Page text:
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good "starter" food processor that works?

collegekitchen Mar 29, 2010 06:48 PM

I love soaking up y'all's knowledge and would really appreciate some advice on a good food processor that's affordable but effective. I know, I know.. you get what you pay for. Which is why I'm steering clear of the $19.99 variety. I am a poor college student and I work night shifts for $9 an hour, so, no VitaMix for me unfortunately. I don't need anything super-extreme (I have no immediate need to crush lobster shells or grind narwhal horns), just a good, quality food processor that does its job, won't set me back too far, and won't break in two weeks.

Any specific suggestions?

  1. Sarah Mar 29, 2010 06:58 PM

    How much cooking do you do and for how many people in general? Maybe an immersion blender with processing attachments?

    4 Replies
    1. re: Sarah
      collegekitchen Mar 29, 2010 07:12 PM

      Right -- forgot that. I normally cook for no more than two, and I cook a lot. As often as I can. I've only had one experience with an immersion blender, attempting to puree the ingredients of a curried carrot soup, and didn't have an easy time of it.. maybe I just didn't get the hang of it? Are they at all powerful?

      It sounds like a good idea, though. I'll definitely check into it. Any brand suggestions?

      I certainly don't need one of those gargantuan, family-sized processors. I don't even have room in my puny little shelves for that.

      1. re: collegekitchen
        Sarah Mar 30, 2010 10:17 AM

        Here's a link for you to pore over. Hope it helps!
        http://chowhound.chow.com/topics/682722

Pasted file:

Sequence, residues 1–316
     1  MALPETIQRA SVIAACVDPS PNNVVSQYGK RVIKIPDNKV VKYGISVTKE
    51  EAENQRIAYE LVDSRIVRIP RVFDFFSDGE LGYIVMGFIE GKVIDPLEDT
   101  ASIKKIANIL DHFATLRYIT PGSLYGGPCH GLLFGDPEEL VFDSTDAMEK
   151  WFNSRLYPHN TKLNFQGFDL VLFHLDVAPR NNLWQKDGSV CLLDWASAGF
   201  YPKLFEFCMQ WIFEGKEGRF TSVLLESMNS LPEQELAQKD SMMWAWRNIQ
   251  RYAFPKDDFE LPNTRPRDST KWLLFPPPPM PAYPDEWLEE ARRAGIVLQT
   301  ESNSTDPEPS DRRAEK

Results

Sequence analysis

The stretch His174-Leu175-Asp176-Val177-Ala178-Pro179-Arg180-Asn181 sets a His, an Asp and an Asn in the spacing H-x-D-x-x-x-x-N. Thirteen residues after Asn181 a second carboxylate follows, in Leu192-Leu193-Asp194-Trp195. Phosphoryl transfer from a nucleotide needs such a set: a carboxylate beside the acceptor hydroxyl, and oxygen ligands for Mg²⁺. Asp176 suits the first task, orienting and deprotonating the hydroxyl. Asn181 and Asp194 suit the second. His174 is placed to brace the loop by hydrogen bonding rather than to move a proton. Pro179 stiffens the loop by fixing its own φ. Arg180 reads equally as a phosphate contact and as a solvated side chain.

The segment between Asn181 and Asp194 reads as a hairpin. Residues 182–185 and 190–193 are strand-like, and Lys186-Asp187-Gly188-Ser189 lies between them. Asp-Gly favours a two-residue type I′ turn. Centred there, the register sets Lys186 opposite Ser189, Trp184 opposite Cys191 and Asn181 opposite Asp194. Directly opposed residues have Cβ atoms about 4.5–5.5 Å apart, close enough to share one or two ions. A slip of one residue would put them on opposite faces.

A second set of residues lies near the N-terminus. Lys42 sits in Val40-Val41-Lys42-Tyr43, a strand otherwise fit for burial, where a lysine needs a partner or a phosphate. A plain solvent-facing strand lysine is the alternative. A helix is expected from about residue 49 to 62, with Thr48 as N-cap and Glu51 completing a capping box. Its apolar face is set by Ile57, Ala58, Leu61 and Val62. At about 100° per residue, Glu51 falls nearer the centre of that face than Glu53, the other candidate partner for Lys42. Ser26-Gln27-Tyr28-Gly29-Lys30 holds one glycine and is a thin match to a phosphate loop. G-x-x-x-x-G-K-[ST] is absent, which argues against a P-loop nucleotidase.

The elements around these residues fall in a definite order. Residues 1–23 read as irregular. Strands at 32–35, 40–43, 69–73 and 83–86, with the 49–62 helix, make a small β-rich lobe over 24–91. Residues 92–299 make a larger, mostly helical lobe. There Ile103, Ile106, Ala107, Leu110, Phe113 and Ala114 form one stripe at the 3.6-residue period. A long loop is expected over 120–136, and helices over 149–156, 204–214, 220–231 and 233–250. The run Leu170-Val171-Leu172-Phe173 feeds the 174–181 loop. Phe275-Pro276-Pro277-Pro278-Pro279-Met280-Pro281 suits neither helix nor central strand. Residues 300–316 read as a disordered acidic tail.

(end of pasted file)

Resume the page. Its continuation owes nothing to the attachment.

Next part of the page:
1. re: Sarah
          collegekitchen Mar 30, 2010 12:23 PM

          Thank you for that link, Sarah. I'm interested in the Bamix (I tried a Braun and it was the same situation.. just sort of spun things around, no real blending). It'll set me back $100 but I think it might be worth it. We shall see.

        2. re: collegekitchen
          f
          ferret Mar 30, 2010 10:49 AM

          Don't buy into the mini processors, even the Cuisinart MiniPrep. Looks good on paper but essentially useless.

      2. Fuller Mar 30, 2010 07:43 AM

        Did you check places like craigslist? Used processors may not be the greatest thing in the world, but you certainly can buy a better quality unit if it's used versus new.

        1. o
          overresearched Mar 30, 2010 09:54 AM

          What is it you want to do with the processor?
          Slice?
          Dice?
          Make perfect julienne fries everytime?

          In other words, what fruits or vegs are you going to run through the device.

          2 Replies
          1. re: overresearched
            collegekitchen Mar 30, 2010 12:24 PM

            I would love something that can slice AND dice. I don't need anything heavy-duty.. most of my concoctions would be for soups/stocks, dressings, marinades, ground spices, etc.

            1. re: collegekitchen
              p
              pothead Mar 30, 2010 02:27 PM

              Since the introduction of the new Elite models, older version Cuisinarts are on sale almost everywhere nowadays. The 7 cup is now $79.99 at Macys, for example.

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